A fourth innovative feature of our meeting (often adopted by other meetings) has been the introduction of the Associate Faculty Program. This program gives an opportunity to all those interested in contributing scientifically to the program by presenting their ongoing clinical research work. Young and upcoming vascular specialists, as well as experienced practitioners are encouraged to submit to this program. This program not only reflects our commitment to such individuals, it also allows them to reference their contributions as literature citations since their abstracts are published and listed on our web page. Being on our Associate Faculty also enhances their opportunity to attend our meeting and to experience its other parts.

Finally, VEITHsymposium was the first vascular surgery organization to bring together at one site radiologists, cardiologists, cardiac surgeons and vascular medicine specialists with vascular surgeons to exchange information and scientific innovations in a collegial environment. This allows members of each specialty to profit from learning the unique skills and approaches of other specialties, thereby improving their ability to care for vascular patients.


Our meeting has, since 2006, been owned and operated by the VEITHsymposium LLC. Our meeting is sponsored and CME accredited by the Cleveland Clinic which is, per ACCME guidelines, responsible for handling all financial matters related to the meeting (i.e., accounts payables and receivables and providing CME certificates to attendees).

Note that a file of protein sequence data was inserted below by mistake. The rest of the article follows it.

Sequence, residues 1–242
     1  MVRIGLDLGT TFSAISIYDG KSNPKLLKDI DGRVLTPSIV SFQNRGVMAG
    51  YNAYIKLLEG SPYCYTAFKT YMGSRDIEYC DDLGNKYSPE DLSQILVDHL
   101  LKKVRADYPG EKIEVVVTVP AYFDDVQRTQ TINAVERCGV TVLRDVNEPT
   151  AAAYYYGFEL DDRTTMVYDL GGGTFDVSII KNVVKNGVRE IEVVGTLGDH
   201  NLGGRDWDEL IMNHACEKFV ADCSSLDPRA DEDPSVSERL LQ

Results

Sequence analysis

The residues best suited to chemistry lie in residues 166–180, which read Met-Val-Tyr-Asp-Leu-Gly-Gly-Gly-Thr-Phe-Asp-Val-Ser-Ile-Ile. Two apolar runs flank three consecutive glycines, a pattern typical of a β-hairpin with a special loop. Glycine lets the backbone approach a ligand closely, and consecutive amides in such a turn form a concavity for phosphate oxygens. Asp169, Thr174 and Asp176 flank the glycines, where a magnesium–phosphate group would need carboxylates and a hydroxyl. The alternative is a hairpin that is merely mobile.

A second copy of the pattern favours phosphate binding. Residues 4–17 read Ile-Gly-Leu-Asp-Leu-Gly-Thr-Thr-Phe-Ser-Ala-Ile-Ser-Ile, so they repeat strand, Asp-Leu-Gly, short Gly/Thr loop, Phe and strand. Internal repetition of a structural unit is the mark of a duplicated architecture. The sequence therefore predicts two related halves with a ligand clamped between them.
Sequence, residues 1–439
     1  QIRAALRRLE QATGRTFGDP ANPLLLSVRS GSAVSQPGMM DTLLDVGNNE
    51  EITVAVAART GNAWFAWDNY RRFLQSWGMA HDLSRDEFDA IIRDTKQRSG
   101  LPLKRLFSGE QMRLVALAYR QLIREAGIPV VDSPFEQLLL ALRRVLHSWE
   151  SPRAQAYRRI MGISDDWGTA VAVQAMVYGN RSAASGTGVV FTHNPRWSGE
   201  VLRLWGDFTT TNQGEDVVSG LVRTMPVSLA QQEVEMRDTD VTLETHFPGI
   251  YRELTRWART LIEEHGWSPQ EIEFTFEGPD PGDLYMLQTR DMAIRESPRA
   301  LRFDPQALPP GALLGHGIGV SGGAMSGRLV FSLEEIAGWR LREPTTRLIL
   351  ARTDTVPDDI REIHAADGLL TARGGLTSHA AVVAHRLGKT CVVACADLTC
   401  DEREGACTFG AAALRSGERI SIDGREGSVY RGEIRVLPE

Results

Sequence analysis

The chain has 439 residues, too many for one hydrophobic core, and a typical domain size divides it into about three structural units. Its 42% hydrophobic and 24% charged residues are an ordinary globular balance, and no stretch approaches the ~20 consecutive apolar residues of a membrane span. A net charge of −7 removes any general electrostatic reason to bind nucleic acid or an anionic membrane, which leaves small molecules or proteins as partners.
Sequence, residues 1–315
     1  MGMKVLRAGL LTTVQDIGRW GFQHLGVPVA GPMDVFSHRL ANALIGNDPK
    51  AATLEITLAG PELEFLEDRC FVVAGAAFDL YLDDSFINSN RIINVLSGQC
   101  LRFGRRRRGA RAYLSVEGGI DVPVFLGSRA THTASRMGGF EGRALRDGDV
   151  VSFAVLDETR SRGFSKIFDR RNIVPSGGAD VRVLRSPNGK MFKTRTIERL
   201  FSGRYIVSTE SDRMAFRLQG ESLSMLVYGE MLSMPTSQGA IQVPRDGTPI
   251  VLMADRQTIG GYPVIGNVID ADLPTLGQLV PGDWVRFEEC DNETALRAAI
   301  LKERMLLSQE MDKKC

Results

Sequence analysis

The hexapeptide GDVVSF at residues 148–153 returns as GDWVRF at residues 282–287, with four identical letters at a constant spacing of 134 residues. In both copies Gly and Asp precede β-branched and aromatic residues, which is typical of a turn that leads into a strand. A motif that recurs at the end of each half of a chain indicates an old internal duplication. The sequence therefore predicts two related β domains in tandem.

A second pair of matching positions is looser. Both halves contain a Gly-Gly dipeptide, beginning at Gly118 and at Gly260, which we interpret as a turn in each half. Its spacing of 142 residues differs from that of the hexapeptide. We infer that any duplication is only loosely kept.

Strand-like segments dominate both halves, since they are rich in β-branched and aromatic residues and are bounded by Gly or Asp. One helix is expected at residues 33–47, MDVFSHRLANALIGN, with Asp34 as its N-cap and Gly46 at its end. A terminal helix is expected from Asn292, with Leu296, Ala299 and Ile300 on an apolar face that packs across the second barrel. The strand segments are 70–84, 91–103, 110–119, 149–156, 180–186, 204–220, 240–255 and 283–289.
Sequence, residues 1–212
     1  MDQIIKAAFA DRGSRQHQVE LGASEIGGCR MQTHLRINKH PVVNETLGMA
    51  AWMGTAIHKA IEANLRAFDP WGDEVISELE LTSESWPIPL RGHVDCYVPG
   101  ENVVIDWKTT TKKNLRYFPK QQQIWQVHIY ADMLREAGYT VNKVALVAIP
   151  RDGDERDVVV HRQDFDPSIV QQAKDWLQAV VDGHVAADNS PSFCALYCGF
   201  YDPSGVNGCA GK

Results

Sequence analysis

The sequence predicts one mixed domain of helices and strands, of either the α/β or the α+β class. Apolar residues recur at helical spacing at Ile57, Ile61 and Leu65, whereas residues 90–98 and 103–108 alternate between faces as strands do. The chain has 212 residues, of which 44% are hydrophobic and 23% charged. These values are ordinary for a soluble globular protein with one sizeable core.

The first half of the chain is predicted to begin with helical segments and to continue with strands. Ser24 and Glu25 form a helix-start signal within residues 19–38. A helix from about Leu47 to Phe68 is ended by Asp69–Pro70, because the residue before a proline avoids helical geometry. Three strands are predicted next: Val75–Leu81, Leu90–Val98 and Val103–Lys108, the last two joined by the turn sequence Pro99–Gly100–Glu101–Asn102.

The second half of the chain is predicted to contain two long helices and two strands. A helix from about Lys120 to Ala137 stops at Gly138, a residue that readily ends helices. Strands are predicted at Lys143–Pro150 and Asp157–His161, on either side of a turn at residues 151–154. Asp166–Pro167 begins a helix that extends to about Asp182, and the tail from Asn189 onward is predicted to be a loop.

Our intention is to have our meeting continue indefinitely. We aim to keep what is good about it and add components and ideas to make it better. We want to increase its value to all vascular specialists and to our vascular industry partners. So we welcome suggestions from all. Location: The meeting will continue to be held in New York City (NYC), a unique place with many advantages as stated above. Hotel: We also believe there are many advantages to holding the VEITHsymposium in a large hotel rather than at a convention center which in NYC would require busing with the disadvantage of horrendous traffic delays. However, if the topography of NYC and hotel availability changes, we would consider other arrangements. We recognize the importance and contributions of other specialties to the care of vascular diseases. So our intent is to make our meeting more multi-specialty than it already is (25% of our speakers are currently from specialties other than vascular surgery). To that end, we will add more experts in other specialties (interventional cardiology, interventional radiology and vascular medicine) to our leadership team and increase their involvement in program development. Our goal is that by so doing we will attract more non-vascular surgeon attendees since the quality of our program contains so much information that these other specialties have to know, but do not get at their specialty meetings. Increasingly CME rules and regulations around the world are making it more difficult for industry to support medical education. We believe relationships between doctors and industry are beneficial to patients and society - if they are managed properly and fairly, which we believe our meeting does within the rules that exist, and will continue to do within rules that may be added. Succession Planning: Finally it is obvious that the value and quality of the VEITHsymposium is dependent on its leadership and staff. Since no one lasts forever, we have in place a succession plan that will continue to run the meeting so as to maintain its quality, value and energy level. Details and staffing may change, but it is our hope and plan that VEITHsymposium continues for a long, long time and remains the top US and Global vascular meeting indefinitely.